Two years ago, I played Ali in the first round of the Wes Davis Weekend Memorial Tournament. He beat me 6-0, 6-0, keeping me off-balance with a sharply angled, biting backhand slice. On Friday, I faced him again. He beat me 6-1, 6-1.
Oddly enough, I played some of the best tennis I’ve played all year. I was being aggressive, putting pressure on Ali’s backhand, and taking the net behind deep, sliced approach shots or two-handed backhand drives.
It was the right game plan, but I haven’t yet mastered its intricacies. Too often, when I got to net, I’d drill the ball right back at Ali, giving him the opportunity to lob me for a winner.
I was also pressing. Most of our games went to 30-all or deuce. Ali would tighten up his strokes, banishing unforced errors from his repertoire. But I felt a sense of urgency to make something happen. I played beyond my capabilities, and lost games I might have won with a little more patience.
Off-season game plan
The match reinforced what I decided at the end of the 4.0 season. I can do some damage at this level, but it won’t be with a steady baseline game. I’ve got to continue moving forward and developing a more versatile net game–creating sharper angles, for example.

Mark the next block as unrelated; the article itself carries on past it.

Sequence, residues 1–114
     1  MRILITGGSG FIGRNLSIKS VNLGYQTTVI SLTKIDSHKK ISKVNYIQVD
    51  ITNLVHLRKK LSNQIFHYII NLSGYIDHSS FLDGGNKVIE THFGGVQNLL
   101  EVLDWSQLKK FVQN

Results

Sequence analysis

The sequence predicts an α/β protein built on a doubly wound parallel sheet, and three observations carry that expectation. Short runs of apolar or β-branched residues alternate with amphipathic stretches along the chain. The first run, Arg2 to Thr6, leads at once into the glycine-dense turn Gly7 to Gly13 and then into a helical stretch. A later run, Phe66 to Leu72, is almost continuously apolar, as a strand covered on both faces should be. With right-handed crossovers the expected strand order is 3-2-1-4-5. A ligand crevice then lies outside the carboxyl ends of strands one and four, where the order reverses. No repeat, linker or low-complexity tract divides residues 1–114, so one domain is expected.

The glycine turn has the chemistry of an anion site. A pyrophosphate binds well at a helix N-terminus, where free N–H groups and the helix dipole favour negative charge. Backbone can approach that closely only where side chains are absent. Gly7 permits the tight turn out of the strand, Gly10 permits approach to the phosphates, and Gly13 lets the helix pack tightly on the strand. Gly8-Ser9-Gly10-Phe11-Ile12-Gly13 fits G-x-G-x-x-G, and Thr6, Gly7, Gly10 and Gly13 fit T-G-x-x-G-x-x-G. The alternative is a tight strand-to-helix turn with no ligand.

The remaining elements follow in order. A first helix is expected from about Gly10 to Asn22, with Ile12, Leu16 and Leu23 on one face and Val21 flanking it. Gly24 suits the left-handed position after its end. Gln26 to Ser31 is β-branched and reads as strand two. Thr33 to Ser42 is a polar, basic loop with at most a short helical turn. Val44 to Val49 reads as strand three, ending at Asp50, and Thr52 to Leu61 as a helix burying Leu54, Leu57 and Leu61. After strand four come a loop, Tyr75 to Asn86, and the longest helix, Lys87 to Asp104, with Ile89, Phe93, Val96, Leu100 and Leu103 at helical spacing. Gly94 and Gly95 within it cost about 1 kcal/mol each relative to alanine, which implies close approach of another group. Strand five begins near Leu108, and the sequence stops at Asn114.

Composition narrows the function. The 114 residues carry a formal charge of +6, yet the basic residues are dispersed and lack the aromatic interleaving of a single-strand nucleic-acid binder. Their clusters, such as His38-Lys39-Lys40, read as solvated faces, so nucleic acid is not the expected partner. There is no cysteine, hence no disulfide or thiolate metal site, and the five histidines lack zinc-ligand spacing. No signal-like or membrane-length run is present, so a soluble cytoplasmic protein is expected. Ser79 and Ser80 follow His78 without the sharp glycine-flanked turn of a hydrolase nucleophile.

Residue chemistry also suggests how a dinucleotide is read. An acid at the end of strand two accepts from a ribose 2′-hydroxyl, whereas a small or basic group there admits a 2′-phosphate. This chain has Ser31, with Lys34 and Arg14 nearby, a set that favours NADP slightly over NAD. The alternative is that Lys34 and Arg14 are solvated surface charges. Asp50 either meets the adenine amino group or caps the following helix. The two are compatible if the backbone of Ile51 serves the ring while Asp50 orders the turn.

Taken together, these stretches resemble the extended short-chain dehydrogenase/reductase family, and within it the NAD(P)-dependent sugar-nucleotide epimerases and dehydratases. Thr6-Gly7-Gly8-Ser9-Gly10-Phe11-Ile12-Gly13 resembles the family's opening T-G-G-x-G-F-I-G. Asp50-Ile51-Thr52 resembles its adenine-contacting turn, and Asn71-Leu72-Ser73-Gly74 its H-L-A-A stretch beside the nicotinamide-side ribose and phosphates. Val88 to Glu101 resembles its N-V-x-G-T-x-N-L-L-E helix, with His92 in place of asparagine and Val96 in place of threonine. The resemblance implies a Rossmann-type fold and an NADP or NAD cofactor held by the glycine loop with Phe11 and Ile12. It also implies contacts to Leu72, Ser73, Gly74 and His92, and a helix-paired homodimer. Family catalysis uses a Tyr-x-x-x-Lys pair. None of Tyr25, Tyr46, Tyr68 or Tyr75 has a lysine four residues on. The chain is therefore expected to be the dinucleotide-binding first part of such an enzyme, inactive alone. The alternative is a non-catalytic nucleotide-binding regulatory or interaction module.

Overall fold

I’m hitting the forehand with more pace, depth, and spin, which should yield more short balls and more opportunities to attack. I also continue to work on the kick serve, which keeps my opponent on his heels, giving me a chance to dictate.
So, my game plan for the off-season: work on my net game, develop the big forehand and reliable kick serve, come back in 2009 ready to build on the lessons learned during my first season on the 4.0 circuit.
I caught some of the Philly District playoffs this weekend. Great Valley, which finished first in my league, went 3-0 to take the title. They’ll represent Philly in the Middle States playoffs in a few weeks. The winner will go to Nationals.
One thing that struck me was how well some players can hit the ball with mechanics that would give a tennis pro nightmares. I watched one 4.0 warrior punch every groundstroke like he was playing ping pong. No topspin, no follow through, just hard flat balls near the lines, shot after shot.
Another guy looked like he was scooping his backhand out of his shorts. The ball would crowd his body, and he’d heave his racket almost straight up, like a shovel. The stroke looked painful. And yet he rarely missed.